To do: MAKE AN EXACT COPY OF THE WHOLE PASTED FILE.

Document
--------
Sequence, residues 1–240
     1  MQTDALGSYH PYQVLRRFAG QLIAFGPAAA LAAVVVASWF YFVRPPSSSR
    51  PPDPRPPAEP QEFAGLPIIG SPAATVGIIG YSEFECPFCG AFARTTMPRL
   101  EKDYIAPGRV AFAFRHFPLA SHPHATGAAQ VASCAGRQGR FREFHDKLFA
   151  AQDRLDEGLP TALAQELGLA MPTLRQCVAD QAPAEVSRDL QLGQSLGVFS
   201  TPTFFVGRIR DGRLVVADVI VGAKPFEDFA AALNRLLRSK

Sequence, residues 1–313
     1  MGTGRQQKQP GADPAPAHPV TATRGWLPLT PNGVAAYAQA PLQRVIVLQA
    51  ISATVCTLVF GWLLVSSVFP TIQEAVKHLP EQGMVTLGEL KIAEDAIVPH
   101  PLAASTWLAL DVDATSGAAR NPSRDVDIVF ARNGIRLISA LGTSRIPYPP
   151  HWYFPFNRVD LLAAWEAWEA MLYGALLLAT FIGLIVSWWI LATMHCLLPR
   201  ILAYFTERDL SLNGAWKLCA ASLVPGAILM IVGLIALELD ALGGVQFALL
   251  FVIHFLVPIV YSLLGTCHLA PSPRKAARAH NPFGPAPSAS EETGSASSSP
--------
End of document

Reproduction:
Sequence, residues 1–240
     1  MQTDALGSYH PYQVLRRFAG QLIAFGPAAA LAAVVVASWF YFVRPPSSSR
    51  PPDPRPPAEP QEFAGLPIIG SPAATVGIIG YSEFECPFCG AFARTTMPRL
   101  EKDYIAPGRV AFAFRHFPLA SHPHATGAAQ VASCAGRQGR FREFHDKLFA
   151  AQDRLDEGLP TALAQELGLA MPTLRQCVAD QAPAEVSRDL QLGQSLGVFS
   201  TPTFFVGRIR DGRLVVADVI VGAKPFEDFA AALNRLLRSK

Sequence, residues 1–313
     1  MGTGRQQKQP GADPAPAHPV TATRGWLPLT PNGVAAYAQA PLQRVIVLQA
    51  ISATVCTLVF GWLLVSSVFP TIQEAVKHLP EQGMVTLGEL KIAEDAIVPH
   101  PLAASTWLAL DVDATSGAAR NPSRDVDIVF ARNGIRLISA LGTSRIPYPP
   151  HWYFPFNRVD LLAAWEAWEA MLYGALLLAT FIGLIVSWWI LATMHCLLPR
   201  ILAYFTERDL SLNGAWKLCA ASLVPGAILM IVGLIALELD ALGGVQFALL
   251  FVIHFLVPIV YSLLGTCHLA PSPRKAARAH NPFGPAPSAS EETGSASSSP